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    Hosni Mubarak's money found by Swiss: Report

    New York: Funds belonging to the family of ousted Egyptian president Hosni Mubarak and the former senior ministers of his regime have been discovered in Switzerland, a Swiss government official said.

    However, the official did not specify the amount of money or who controlled the account, The New York Times reported.

    "The first traces have been identified. At the end of the week, we might have a better picture." said the Swiss official, who spoke on the condition of anonymity.

    The disclosure came as the new military-led Egyptian government had asked countries to freeze the assets of government officials in the previous regime.

    Egyptian opposition members had expressed fear that the military would shield Mubarak, a former air force chief, and his relatives from an investigation, the NYT said.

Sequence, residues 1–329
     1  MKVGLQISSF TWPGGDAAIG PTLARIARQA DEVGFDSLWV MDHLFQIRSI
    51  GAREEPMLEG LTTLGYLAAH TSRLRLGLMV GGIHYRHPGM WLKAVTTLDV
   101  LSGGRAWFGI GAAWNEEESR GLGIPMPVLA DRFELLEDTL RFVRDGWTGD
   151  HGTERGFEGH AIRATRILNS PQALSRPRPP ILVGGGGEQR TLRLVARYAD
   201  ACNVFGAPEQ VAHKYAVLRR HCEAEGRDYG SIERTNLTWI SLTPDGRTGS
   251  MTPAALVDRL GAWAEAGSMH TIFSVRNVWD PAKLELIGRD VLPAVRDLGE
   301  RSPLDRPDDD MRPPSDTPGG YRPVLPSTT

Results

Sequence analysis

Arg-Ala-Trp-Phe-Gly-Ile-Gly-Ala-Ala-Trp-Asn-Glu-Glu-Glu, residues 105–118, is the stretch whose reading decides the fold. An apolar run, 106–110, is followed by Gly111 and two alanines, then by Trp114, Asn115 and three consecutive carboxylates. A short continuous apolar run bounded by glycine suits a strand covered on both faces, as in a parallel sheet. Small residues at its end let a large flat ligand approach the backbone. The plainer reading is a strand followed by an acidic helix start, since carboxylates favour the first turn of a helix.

After Mubarak stepped down, the Swiss government immediately froze his assets and it plans to send the money back to Egypt, according to a Time Magazine report.

    A statement from the Swiss government said that quick action on Mubarak's money was taken "to avoid any misappropriation of Egyptian government assets".

    Swift action was possible due to a new legislation, The Restitution of Illicit Assets Act (RIAA), which allows the government to immediately freeze and confiscate the funds of politically exposed persons even if the implicated nation has not asked for the money back.

    The legislation, which went into effect on February 1, makes it difficult for corrupt political leaders to open accounts in Switzerland or lay claim to the assets hidden therein.

    "Normally, a foreign country lodges an official request when it seeks to find and freeze the illegally obtained assets of one of its corrupt officials," said James Nason, spokesman for the Swiss Banking Association (SBA), an
    umbrella group for the country's financial institutions.

    "This Act was designed to deal with situations involving countries that have no functioning legal system and can't competently follow through with any judicial procedure," he added.